Mistake #4: Body Language. This can be difficult because most of us don’t even notice our own body language. The best way to make yourself aware is by doing a “practice interview” and recording it. Some university’s have career centers that will do this for you, where you can practice with a counselor and they give you a tape and go over what you said and how you acted. You can also just set up a camera yourself and have someone ask you questions (or ask yourself them), and go back and watch the tape. Check to make sure you are sitting up straight, and pay attention to any hand and facial gestures that you do. Avoid biting your lip, touching your face, playing with your hair, or fiddling around with your hands. Body language is an easy way to show that you have confidence. If you absolutely cannot sit still, hold a pen, roll your tongue (not when you’re talking), or find some other movement that is not noticeable.
Mistake #5: Being late. This may seem obvious, but it happens more often than you think. Depending on the employer, if you are late you might lose your chance to be interviewed altogether. They might be booked for interviews all day long, or have other meetings or responsibilities to attend to. Avoid this by practicing driving to the place you will be interviewed at the exact time of day you will be going. This will make you aware of what traffic will be like, how many lights you have to stop at, and where you have to park. It’s also a good idea to maybe see how long it takes you to get into the building, and figure out what floor it’s on. If not, add on about 10 minutes to give yourself time to get inside, and in case you get lost trying to find the room.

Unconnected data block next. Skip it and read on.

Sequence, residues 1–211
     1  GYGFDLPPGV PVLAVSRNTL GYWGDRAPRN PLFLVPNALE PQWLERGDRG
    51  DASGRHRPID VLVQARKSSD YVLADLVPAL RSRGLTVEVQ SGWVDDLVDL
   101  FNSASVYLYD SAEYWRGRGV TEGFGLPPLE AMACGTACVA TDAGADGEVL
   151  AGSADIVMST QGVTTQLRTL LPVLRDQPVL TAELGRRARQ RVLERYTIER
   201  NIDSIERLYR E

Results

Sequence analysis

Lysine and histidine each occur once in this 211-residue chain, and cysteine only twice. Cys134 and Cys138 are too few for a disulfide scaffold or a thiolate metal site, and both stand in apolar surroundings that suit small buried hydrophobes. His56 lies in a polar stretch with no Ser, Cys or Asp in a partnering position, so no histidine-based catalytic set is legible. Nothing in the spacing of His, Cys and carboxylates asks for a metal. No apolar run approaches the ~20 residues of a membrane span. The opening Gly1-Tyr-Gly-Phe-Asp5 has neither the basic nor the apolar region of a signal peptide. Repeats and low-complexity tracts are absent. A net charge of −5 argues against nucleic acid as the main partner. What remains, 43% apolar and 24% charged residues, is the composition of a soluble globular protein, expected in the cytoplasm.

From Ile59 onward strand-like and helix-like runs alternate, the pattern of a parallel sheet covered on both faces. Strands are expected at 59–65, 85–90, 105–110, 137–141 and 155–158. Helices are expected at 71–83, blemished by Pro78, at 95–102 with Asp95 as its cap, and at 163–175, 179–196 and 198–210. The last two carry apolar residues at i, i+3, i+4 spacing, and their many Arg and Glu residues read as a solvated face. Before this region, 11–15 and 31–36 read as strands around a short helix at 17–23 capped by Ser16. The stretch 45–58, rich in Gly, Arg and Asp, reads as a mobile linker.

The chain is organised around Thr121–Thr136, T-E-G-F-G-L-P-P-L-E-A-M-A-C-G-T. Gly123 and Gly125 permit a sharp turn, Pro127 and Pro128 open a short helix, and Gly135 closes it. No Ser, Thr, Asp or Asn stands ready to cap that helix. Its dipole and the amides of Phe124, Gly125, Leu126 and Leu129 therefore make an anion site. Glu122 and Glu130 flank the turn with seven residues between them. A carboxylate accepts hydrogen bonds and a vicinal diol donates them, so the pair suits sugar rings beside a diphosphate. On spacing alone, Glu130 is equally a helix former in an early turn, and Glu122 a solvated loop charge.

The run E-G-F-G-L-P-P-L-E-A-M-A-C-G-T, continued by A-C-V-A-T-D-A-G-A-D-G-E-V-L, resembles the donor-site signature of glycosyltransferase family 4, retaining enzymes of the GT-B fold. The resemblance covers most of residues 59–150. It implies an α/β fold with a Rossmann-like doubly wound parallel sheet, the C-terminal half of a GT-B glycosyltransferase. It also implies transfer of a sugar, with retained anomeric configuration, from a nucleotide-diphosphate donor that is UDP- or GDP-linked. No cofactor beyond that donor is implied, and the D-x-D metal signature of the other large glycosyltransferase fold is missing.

Mistake #6: Turn off cell phones. There’s not much more to say except just make sure your phone doesn’t ring during the interview. If you can’t turn it off completely, then turn it on silent … not vibrate!
Mistake #7: No knowledge of the company. Having no knowledge of the company is a horrible idea. Some employers will ask you specific questions about the company or projects they are currently working on. “How do you feel about (insert project here)?” “How does out company’s mission statement apply to you?” “What makes you qualified to help us with …?” Even if they don’t ask you specific questions like this, it’s a good idea to mention these things yourself. It shows you have knowledge of the company, which is something many other interviewees’ probably won’t have. Study the company’s web site, and do online searches to find out what they are working on.
Mistake #8: No resumes. Bring extra copies of your resume. There might be multiple people interviewing you, and there’s a chance that they will ask you if you have a copy for them. It’s also a good idea to have a copy in front of yourself so you have a reference if they ask you specific questions from experiences on your resume. This does not mean to look off your resume the whole time! You need to know your resume forwards and backwards, and have every bit of it memorized; otherwise it looks like you just made it up. This is just as back up.
Getting down the basics and making sure that you don’t make easy to avoid mistakes will increase your chances of being hired, and make the job interview process run smoothly.